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Spokane, Washington  Est. May 19, 1883

Washington state greenhouse gas emissions highest since 2007 in latest inventory

Washington Gov. Jay Inslee, second from right, stands with car dealership representatives who drove electric vehicles to a news conference in Olympia in December. Inslee on Thursday said a U.S. Supreme Court decision inhibiting the EPA's ability to combat greenhouse gas emissions demanded a more concerted response to climate change by the federal government and state Legislatures.   (Ted S. Warren)
By Isabella Breda Seattle Times

Washington state’s greenhouse gas emissions in 2019 reached their highest levels since 2007, but early data suggests the pandemic may have helped lower those levels in 2020, according to the latest analysis from state officials.

Washington emissions in 2019 penciled out to 102.1 million metric tons – about a 7% increase from 2018 and more than 9% higher than emission targets set by the state Legislature for 2020.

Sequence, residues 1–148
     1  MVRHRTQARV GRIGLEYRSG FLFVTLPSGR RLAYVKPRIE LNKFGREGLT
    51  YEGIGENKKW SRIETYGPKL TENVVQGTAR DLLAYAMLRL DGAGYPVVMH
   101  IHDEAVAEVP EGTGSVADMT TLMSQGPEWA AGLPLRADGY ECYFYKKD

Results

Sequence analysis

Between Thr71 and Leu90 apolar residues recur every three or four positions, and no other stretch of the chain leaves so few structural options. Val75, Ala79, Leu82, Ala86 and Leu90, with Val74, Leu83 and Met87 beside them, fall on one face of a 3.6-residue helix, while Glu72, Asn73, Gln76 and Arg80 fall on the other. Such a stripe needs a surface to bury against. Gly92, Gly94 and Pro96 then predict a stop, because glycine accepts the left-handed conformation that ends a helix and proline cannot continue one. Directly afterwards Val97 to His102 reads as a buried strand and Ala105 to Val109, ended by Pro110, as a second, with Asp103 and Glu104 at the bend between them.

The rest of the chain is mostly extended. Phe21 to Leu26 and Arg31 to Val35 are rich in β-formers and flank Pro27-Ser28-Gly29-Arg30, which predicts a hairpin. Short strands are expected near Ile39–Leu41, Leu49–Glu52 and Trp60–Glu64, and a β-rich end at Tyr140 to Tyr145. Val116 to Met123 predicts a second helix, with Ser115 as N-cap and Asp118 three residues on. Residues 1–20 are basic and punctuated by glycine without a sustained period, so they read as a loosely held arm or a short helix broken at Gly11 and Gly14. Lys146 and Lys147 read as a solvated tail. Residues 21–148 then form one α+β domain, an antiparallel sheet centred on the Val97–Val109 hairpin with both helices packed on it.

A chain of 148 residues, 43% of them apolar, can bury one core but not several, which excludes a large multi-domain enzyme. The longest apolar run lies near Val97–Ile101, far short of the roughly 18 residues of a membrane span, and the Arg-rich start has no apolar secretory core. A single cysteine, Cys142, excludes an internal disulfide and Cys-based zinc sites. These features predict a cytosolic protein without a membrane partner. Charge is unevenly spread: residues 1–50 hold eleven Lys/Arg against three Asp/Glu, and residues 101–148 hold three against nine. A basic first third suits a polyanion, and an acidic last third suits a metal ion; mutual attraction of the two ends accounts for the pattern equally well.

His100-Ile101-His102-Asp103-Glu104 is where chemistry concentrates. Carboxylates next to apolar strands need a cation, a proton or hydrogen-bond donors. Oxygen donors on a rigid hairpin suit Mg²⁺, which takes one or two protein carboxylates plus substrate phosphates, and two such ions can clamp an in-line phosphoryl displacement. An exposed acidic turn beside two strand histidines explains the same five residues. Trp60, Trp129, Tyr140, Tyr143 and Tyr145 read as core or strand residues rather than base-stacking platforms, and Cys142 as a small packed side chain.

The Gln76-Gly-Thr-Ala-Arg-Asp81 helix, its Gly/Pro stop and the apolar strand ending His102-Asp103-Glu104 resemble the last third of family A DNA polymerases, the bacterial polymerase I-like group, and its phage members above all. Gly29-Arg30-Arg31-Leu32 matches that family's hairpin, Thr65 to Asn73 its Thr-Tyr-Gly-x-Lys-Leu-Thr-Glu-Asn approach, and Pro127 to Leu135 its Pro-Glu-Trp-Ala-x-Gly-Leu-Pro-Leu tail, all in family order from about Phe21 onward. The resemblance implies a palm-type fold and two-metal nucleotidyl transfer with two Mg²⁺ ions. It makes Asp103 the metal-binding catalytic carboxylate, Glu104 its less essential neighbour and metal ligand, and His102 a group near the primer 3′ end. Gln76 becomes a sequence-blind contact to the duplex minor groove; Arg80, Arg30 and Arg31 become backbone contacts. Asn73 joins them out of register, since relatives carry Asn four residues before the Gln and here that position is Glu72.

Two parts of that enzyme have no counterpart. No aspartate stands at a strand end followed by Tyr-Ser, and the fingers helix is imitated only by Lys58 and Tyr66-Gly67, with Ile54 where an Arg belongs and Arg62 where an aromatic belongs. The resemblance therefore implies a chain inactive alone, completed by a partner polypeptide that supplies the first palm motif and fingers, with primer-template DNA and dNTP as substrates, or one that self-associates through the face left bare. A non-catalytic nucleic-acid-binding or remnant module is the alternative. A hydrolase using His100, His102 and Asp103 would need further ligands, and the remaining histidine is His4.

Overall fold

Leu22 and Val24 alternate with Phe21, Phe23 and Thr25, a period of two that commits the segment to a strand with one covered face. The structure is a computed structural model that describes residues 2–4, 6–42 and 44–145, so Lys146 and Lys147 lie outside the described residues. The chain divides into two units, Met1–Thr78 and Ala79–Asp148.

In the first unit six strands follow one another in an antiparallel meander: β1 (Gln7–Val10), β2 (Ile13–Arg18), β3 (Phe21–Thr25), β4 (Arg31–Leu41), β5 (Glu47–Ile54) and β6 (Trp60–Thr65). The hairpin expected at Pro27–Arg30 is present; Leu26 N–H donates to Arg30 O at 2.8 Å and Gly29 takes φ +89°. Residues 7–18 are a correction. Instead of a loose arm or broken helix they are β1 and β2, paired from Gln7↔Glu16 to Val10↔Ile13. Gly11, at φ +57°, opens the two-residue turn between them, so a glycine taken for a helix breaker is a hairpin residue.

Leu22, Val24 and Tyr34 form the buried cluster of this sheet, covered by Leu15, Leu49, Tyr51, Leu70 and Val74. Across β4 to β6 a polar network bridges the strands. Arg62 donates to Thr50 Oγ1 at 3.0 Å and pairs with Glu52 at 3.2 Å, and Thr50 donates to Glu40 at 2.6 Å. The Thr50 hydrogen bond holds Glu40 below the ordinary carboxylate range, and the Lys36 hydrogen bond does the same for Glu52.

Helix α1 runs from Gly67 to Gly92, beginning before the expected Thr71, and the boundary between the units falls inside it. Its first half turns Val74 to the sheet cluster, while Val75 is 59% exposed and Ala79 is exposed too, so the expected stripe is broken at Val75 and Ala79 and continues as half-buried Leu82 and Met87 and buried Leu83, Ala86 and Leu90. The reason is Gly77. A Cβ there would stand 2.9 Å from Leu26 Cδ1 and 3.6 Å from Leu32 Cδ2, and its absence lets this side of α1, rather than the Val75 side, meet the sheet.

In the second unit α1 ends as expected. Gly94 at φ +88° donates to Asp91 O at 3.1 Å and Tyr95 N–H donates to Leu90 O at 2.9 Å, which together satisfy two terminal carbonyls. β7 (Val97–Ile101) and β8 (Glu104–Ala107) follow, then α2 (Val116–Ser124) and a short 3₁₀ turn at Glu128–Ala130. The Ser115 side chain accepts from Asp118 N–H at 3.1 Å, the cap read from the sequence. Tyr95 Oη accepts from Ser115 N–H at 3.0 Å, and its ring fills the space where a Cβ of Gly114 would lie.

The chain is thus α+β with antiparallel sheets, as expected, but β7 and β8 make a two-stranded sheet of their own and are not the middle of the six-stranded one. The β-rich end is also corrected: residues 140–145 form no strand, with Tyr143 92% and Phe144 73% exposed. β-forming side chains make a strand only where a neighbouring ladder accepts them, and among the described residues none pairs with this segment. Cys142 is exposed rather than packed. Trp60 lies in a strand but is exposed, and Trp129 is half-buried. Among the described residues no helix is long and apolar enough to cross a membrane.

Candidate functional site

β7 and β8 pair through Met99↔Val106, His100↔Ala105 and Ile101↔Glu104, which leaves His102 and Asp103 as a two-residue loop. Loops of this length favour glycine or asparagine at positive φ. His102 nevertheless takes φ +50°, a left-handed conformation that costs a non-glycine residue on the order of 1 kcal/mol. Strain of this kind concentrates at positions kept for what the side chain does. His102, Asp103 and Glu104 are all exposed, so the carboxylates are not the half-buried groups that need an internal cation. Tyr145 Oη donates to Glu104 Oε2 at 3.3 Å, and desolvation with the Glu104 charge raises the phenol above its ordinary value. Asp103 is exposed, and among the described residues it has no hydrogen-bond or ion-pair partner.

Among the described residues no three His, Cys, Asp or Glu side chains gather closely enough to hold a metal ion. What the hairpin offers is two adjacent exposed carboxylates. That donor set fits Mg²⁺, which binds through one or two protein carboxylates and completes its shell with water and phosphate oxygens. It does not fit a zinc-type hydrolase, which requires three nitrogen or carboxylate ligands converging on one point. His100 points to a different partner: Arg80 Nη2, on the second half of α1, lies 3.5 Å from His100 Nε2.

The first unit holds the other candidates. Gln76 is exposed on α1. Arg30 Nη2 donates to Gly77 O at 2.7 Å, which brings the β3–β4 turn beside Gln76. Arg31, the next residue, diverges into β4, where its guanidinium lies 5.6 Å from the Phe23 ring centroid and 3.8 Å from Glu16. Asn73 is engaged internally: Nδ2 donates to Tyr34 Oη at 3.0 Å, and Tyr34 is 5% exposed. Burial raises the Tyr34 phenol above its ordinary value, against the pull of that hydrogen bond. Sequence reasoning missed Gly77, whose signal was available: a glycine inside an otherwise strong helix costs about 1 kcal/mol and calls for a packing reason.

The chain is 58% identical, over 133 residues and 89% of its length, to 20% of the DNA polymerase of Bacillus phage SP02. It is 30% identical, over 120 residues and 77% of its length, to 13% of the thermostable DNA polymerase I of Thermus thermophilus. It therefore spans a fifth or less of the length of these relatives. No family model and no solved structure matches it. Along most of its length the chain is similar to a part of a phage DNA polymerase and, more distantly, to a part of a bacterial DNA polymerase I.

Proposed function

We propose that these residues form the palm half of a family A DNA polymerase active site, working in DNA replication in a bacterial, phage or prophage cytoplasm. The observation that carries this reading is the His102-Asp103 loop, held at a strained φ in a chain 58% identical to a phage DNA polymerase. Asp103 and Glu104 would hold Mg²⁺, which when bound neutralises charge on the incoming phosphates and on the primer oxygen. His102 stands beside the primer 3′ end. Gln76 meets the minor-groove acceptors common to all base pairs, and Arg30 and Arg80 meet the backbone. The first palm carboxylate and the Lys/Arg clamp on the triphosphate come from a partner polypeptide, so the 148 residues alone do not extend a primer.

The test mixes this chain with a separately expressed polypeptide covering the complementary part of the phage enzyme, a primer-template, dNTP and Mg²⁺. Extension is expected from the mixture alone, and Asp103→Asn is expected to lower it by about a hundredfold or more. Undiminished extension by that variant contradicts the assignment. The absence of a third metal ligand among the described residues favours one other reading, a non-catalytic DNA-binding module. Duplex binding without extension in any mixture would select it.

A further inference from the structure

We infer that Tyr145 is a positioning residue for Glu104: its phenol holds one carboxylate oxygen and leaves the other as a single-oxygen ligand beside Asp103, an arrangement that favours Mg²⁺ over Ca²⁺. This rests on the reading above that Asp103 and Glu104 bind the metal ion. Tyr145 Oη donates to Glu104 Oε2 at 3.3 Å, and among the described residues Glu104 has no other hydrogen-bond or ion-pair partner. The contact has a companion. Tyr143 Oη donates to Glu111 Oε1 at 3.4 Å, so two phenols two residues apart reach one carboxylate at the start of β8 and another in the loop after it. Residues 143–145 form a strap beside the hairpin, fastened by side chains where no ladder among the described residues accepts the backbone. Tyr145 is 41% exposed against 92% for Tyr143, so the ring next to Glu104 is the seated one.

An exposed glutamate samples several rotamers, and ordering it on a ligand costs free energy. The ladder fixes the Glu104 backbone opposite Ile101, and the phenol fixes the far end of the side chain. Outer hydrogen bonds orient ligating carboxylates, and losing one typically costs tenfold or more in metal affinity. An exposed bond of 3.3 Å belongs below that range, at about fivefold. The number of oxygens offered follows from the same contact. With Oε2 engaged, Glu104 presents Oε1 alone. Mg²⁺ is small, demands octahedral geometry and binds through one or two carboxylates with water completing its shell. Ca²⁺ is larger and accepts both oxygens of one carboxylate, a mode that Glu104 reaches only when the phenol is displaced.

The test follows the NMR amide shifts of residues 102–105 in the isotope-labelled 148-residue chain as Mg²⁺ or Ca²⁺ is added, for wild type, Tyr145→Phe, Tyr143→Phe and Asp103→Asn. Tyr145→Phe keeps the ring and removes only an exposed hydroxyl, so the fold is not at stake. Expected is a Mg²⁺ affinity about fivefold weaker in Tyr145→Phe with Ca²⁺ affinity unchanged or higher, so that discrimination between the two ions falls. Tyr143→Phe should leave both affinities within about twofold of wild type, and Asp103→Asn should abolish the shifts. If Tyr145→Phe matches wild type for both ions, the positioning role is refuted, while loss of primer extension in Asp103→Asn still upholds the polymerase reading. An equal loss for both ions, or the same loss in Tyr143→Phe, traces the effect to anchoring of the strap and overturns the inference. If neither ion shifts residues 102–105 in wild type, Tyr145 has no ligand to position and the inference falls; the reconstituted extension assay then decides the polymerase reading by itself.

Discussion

The significant increase largely stems from a higher reliance on fossil fuels – mainly coal and natural gas – for electricity because of poor hydropower performance, according to the state Department of Ecology.

The electricity sector’s emissions rose from 16.5 million metric tons in 2018 to 21.9 million metric tons in 2019.

Washington state greenhouse gas emissions have been slowly climbing since 2012. Greenhouse gas emissions from fossil fuel combustion and other sources are causing long-term global warming that scientists say will trigger more intense droughts, storms, flooding and impact water resources.

State officials say 2019 is an “inflection point” in the state’s emissions. Early data shows 2020 emissions in the energy sector fell 35%. That’s about 16% under the 1990 levels for the sector.

The new data comes just days before two policies aimed at reducing emissions in the state take effect. Both the cap-and-invest program and the Clean Fuel Standard begin Jan. 1.

Under the cap-and-invest program, each share of greenhouse gas emissions bought and sold in Washington’s carbon market will soon cost between $22 and $81, the state announced this month.

And the clean fuel standard will require fuel suppliers to reduce the carbon intensity of their products 20% by 2034. It’s expected to cut statewide emissions by 4.3 million metric tons a year.